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Ford Ranger Plug-In Hybrid For Europe, Australia And UK But Not The US, Yet

Ford has confirmed the early 2025 delivery of their Ranger pick-up truck in plug-in hybrid (PHEV) form. The European, Australian, and UK markets get the new PHEV pick-up first, but might Ford bring it to the US too?


Based on what little we know now, I would suspect the answer is no. Car and Driver confirmed as much anyway, but I think Ford is making a big mistake. Before I launch into why I think that, let’s look at what Ford has revealed about the specs of this new PHEV vehicle. First, the estimated range on battery, as per the WLTP we assume, is over 28 miles/45 kilometers. This may suggest that the Ranger will use the same or similar battery pack as the Ford Escape PHEV, which has a 14.4 kWh battery (which in the Escape PHEV is good for an EPA rated 37 miles of range). Personally, I think the range in the US (if the Ranger PHEV were to show up here) would be more like 25 miles, according to the EPA. It will use Ford’s turbo charged, 4 cylinder 2.3 liter EcoBoot engine, and according to Ford and will have more torque than any other Ranger model and will not compromise on payload, off-road capability or towing capacity in comparison to any of its fossil fueled iterations, including the global diesel models that we also don’t get in the US. And perhaps even more importantly, the Ranger PHEV will offer Ford’s Pro Power Onboard system with multiple power outlets near the tailgate. That feature in particular will be appealing to customers everywhere that might want to use the vehicle on worksites, for camping or backup power generation scenarios. Also of interest, Ford has placed the battery charging port next to the gasoline fueling port in the rear of the pick-up, directly above the driver side rear wheel (in what would be the US market vehicles). This is an unusual placement and it seems like it would mean drivers need to back into charging spots, or perhaps use pull-throughs, to reach the charging port.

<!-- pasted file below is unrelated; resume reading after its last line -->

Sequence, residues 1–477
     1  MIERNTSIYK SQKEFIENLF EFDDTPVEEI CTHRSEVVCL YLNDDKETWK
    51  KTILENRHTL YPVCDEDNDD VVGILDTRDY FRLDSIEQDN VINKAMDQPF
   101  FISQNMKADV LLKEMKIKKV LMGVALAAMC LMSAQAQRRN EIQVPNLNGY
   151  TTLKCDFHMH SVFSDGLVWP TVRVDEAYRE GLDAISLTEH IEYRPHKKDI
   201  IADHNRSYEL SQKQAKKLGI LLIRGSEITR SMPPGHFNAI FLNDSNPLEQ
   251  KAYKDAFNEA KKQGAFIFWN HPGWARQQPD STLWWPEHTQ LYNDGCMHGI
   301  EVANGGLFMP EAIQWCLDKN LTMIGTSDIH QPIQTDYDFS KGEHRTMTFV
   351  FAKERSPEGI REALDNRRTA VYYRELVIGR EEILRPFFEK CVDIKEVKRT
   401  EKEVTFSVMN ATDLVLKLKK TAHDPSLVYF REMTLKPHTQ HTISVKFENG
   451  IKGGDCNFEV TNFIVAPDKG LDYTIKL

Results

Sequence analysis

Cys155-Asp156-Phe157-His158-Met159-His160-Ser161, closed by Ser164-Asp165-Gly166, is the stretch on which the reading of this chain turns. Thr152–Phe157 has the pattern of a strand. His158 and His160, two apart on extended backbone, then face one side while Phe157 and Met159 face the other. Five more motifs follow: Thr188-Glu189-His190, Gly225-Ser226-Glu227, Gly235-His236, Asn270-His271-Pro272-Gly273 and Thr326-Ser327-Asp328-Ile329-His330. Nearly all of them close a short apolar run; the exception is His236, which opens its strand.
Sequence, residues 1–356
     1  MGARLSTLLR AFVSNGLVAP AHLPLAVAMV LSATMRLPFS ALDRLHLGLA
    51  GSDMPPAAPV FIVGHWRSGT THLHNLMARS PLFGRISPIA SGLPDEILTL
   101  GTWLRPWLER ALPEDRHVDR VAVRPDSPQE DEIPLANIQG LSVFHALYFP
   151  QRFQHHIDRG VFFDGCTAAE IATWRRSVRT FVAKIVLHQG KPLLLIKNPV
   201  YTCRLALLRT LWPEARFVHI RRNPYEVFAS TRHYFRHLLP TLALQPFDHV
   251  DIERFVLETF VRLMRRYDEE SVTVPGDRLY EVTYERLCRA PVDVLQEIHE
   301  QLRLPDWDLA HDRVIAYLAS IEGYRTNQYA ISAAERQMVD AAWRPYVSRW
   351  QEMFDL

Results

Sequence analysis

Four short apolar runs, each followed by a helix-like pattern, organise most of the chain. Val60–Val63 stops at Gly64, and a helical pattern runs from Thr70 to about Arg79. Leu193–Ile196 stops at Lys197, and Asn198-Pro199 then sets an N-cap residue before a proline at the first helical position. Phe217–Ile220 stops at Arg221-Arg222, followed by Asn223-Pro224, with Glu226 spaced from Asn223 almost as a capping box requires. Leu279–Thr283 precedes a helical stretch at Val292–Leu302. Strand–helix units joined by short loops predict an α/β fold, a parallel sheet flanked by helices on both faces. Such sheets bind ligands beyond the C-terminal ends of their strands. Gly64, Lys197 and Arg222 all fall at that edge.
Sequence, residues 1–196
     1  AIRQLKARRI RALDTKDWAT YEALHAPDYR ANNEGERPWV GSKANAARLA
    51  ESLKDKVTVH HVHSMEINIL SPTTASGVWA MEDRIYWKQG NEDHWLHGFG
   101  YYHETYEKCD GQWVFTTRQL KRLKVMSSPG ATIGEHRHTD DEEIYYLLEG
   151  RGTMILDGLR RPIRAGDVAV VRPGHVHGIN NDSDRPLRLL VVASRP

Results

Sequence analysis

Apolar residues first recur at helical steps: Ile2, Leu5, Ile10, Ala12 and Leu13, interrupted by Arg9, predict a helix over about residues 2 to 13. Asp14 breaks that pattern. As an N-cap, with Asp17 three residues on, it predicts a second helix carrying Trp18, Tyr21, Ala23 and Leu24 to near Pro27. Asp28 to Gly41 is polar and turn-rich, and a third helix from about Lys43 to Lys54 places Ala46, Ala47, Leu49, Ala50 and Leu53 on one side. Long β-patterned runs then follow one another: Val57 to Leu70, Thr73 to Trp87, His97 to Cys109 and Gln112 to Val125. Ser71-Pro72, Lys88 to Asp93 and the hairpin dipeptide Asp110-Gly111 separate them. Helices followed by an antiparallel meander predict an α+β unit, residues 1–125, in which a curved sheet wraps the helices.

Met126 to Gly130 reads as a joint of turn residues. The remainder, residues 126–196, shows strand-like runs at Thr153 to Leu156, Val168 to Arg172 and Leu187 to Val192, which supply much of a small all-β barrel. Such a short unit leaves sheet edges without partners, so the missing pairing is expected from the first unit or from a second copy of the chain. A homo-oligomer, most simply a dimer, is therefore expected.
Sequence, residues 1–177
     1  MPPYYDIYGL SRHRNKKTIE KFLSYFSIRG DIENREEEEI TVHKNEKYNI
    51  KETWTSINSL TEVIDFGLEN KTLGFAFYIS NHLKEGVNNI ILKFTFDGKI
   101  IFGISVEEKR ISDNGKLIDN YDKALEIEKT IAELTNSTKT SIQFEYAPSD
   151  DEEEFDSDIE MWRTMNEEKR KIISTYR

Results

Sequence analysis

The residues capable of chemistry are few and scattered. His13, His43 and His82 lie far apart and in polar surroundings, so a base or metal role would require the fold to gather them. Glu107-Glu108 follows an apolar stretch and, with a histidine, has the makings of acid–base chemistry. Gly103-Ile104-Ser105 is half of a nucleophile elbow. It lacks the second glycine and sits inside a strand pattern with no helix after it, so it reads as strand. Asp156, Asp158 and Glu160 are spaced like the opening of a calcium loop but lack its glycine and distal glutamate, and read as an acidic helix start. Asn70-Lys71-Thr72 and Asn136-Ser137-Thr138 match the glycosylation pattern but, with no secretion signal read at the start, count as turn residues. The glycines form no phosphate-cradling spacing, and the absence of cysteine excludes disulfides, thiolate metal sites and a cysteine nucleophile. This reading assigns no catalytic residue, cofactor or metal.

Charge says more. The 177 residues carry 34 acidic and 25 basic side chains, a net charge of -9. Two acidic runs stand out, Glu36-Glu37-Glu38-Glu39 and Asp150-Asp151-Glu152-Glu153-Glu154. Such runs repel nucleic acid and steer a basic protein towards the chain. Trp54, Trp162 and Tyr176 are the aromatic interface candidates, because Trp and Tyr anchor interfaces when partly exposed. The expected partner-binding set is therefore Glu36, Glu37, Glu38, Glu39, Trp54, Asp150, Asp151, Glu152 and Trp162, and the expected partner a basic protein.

I opened this piece by stating that I think this PHEV won’t be bound for the US, and other media sources have confirmed that. But Ford will be ceding market share if this proves to be true and missing a real opportunity to capture a currently untapped market. First, Ford needs more plug-in vehicles in order to meet its emissions reductions targets and is planning on quadrupling production of its [standard] hybrids (HEVs) according to I’ll clarify that standard hybrids do not plug-in, however since Ford could more easily bring the same hybrid system to multiple markets, and since there is no electrified Ranger model on sale in the US currently and Ford has no answer to mid-sized electric pick-ups on sale or forthcoming from its rivals in the US market, the PHEV Ranger would basically be a no-brainer for them. Further, I think Ford may be less likely to bring the PHEV format to the F-150, even though Car and Driver claimed Ford was doing exactly that (and then provided a link that made no such confirmation) since there is already both a standard HEV and fully electric (EV) version of the F-150. I also think Ford should save the PHEV format for the Ranger, rather than the F-150, as it would both help Ford stand out/attract attention and because in the smaller platform it could achieve better efficiency than in the full-size platform (the “more bang for your buck” scenario). Second, there are some clues in the marketing videos Ford has shared, as seen in the article, namely the US style outlet in the Pro Power section of the truck bed. While that could simply be an artifact from video production and by no means guarantees a US (or Canadian) market target, it does suggest that Ford is considering it.